When we grow up, most of us who plan to have children assume that we will meet someone, fall in love and have a baby and that the process is as easy as that. For many people, it is that simple, but for a lot of people, the reality is so much more complicated, and often heartbreaking, especially when it comes to getting pregnant and having a baby.
In America, it is thought that more than seven million people have had problems with conceiving, or have accessed fertility assistance services. That is a considerable amount of women – and men – for whom the process of having a baby has not been so simple. That isn’t even including the countless amount of people who decided against help for whatever reason or that yet know about any potential problems that they might have.
When we think of infertility, and the treatment for it, we generally only think about the effects it has on the body, which of course, is pretty immense. What we often forget to take into consideration is the effect it has on someone’s mental health. Some studies have shown that the psychological toll that infertility and the treatment that comes with it is comparable to the stress levels that people who are suffering from cancer experience, and that levels of anxiety and depression are high in people who are experiencing fertility issues.
Many of these emotional issues will come from well-meaning but insensitive comments and questions. People assume that once you are settled in a stable relationship, babies will come next, and when they don’t, eyebrows are raised, and questions are asked. These questions and comments aren’t the only sources of upset, however, and here, we look at some of the other reasons as to why infertility can affect mental health as well as physical health.
Getting pregnant generally brings a lot of uncertainty anyway, but throw infertility treatment into the mix and well – it can be even worse. If someone is going through IVF or freezing their eggs, they have to think ahead a little and plan for the first round not working. No one ever wants to think about something not working, but it is something that has to be done. If you have started the egg retrieval recovery process, you then have the anxious two-week wait to see whether it has been successful. If you are fortunate enough to get that positive pregnancy test, you then have all the usual worries and uncertainty that comes with pregnancy and childbirth.
Infertility treatment is an emotionally taxing process, and as such, will take its toll on even the strongest of relationships. Couples can disagree on how many rounds to try and whether they can financially afford it. When undergoing treatment, there are often restrictions on physical and sexual activity which can cause a strain, as well as the disappointment that follows if it is not successful. If it does work, there are all the usual demands that pregnancy and impending parenthood can bring about on a relationship.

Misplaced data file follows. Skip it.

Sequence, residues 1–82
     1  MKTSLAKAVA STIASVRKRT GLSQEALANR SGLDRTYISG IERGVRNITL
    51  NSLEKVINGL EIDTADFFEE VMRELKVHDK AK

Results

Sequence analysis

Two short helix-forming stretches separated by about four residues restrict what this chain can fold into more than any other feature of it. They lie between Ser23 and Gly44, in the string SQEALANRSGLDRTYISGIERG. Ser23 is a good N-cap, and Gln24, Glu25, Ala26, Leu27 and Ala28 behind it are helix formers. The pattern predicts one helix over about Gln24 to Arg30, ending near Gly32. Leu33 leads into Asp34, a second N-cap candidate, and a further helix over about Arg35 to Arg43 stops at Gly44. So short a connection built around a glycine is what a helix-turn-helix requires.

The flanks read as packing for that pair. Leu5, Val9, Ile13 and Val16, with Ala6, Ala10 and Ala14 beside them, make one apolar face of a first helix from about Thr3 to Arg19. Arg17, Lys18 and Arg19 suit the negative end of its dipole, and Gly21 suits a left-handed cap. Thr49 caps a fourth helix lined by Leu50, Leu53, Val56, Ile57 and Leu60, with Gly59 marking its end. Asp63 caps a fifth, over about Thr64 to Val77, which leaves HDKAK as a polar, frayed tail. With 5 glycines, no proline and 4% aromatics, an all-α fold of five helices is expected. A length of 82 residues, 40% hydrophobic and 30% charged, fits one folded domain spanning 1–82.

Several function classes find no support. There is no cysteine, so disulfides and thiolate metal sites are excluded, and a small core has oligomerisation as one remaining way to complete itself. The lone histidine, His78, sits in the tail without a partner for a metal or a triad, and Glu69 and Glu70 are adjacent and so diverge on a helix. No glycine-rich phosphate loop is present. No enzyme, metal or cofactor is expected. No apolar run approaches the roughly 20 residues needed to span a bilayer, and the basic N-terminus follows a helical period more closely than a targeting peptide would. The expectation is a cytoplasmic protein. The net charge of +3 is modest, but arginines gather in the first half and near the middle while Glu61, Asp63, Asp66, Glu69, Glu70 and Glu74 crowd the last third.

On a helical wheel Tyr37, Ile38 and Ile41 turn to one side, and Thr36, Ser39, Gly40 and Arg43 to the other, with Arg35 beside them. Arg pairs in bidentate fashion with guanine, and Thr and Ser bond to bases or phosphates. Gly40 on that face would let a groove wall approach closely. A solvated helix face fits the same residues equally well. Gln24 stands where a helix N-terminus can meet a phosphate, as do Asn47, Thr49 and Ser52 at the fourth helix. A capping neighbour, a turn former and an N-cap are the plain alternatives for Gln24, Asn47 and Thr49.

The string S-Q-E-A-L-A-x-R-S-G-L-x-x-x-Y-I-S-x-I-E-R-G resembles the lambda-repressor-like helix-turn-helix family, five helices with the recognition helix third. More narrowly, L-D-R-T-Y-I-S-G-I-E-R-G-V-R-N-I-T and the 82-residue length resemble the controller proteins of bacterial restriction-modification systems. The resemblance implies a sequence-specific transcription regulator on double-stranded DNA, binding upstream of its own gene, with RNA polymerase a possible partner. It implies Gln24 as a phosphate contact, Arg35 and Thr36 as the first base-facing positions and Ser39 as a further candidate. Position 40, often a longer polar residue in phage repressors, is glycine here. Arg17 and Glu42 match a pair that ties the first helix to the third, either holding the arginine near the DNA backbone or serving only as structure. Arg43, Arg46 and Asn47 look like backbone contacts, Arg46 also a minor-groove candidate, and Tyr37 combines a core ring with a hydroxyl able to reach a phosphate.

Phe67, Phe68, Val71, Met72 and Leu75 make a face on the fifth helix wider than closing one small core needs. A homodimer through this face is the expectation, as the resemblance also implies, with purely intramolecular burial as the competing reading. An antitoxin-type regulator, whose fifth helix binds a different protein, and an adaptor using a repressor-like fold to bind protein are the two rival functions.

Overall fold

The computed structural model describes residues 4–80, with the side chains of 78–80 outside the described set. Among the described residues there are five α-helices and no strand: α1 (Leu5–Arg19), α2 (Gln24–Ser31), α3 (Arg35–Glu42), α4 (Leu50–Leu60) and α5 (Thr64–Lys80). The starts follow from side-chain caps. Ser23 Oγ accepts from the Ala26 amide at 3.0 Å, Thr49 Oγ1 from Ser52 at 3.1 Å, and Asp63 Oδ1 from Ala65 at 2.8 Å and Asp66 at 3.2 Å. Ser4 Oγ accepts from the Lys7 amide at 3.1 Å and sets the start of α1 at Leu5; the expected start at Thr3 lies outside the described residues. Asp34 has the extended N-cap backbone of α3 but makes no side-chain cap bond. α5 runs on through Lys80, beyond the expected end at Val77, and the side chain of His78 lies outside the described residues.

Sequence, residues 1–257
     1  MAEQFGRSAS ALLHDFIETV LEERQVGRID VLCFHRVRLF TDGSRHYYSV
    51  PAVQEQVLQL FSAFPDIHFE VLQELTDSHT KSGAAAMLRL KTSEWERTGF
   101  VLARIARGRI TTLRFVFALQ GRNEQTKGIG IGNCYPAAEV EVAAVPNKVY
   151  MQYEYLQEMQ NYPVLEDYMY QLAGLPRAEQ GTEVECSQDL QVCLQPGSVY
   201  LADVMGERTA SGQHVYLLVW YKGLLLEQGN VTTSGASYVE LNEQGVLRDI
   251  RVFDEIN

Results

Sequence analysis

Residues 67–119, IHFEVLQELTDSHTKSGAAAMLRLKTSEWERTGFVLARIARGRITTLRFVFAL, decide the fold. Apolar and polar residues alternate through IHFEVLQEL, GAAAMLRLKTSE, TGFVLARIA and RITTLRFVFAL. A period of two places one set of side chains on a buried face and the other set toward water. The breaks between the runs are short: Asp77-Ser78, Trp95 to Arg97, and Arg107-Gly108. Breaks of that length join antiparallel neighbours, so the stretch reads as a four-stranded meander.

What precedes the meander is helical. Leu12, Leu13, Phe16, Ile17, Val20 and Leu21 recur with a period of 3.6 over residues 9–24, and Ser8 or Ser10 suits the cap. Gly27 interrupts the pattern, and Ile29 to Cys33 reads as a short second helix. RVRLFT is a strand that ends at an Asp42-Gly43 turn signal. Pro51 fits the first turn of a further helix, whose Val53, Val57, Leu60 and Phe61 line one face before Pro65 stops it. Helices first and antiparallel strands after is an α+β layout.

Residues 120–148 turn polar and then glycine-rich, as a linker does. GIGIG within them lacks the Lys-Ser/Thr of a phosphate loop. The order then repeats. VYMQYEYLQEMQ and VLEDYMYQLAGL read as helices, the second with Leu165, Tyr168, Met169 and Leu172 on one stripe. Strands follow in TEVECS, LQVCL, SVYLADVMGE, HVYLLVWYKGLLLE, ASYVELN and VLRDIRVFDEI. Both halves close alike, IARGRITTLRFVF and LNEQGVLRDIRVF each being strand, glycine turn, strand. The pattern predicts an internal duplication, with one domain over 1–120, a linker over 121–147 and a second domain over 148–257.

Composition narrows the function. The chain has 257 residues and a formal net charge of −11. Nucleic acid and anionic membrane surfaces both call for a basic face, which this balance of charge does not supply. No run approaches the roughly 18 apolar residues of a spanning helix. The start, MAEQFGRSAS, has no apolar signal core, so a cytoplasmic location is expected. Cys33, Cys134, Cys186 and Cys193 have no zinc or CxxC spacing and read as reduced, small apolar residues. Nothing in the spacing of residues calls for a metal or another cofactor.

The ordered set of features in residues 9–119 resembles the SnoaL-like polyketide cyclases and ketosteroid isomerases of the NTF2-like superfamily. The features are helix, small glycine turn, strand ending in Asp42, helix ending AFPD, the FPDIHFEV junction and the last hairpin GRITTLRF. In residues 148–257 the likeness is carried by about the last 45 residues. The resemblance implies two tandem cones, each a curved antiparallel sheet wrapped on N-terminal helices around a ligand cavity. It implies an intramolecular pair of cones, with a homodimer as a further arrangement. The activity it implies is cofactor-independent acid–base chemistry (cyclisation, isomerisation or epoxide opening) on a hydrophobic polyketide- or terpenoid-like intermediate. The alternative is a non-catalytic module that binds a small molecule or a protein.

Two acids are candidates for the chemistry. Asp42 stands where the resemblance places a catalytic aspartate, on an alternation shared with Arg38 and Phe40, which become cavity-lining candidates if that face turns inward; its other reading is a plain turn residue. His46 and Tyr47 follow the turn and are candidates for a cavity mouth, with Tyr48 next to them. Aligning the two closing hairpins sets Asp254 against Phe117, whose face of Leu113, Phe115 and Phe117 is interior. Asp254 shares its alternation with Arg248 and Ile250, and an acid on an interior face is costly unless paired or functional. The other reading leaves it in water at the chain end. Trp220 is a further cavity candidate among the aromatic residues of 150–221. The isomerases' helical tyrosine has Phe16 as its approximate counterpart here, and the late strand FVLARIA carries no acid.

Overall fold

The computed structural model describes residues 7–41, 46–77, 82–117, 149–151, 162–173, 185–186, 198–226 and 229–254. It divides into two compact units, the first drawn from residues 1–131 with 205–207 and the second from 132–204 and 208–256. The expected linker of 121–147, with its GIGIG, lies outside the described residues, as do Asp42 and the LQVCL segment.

3) Anxiety around medical procedures
More people than you realise suffer from anxiety when it comes to even the most minor of medical procedures. IVF brings about a lot of quite invasive procedures, which may involve lots of blood tests and injections. If you are already experiencing anxiety over needles, but are desperate to have a baby, this can feel almost unbearable.
4) Financial concerns
Fertility issues are expensive – there is not beating around the bush about it. One round of IVF costs more than $12,000, which can be out of reach for many couples, and with a success rate of less than 30% for women under the age of 35, many will need multiple tries. The financial strain that this puts on people should not be underestimated, nor should the complexity of having to deal with medical insurance.
5) Hormonal Changes
If someone is undergoing IVF, there are going to be hormonal effects that are likely to have an impact on their mental health. The woman is pumped with various hormones, including estrogen and progesterone. The sudden increase in these hormones will affect almost everyone, but if someone is particularly susceptible to shifts in hormones, there can be a rise in anxiety levels and mood swings. This, of course, not only puts additional strain on the woman but the couple’s relationship.
Infertility and struggles with conceiving are something that many people only feel comfortable discussing with their partner, and, as such, can lead to feelings of loneliness and isolation. They think it is private, or they are ashamed, or they just do not want anyone else involved in their business. Whatever the reason they have for keeping it quiet from family and friends, it can be very isolating. They may not want to be around friends who are pregnant or who have young children, or want to attend birthday parties, weddings, baby showers or other social events that may involve being around young children or babies – and that is perfectly understandable.
On top of that, the pressure from society to have a family can also be isolating, especially if they have no idea what is going on in the background.
Sadly, while most cases of infertility can be resolved with either medication or surgery, for some couples, there is no treatment. In this instance, they have to come to terms with not being able to have a biological child of their own, and the grief that this comes with can be the same – if not worse, than losing a close family member. Feelings of extreme sadness and anger are entirely reasonable, and for some, a sense of relief that the investigations and often intrusive processes are over. Even if the fertility issues are resolved, it is not unusual for there to still be feelings of grief or anger. We expect being able to get pregnant and carry a baby until term to be a natural and easy process, and when it is not straightforward, it can bring about a lot of extreme emotions.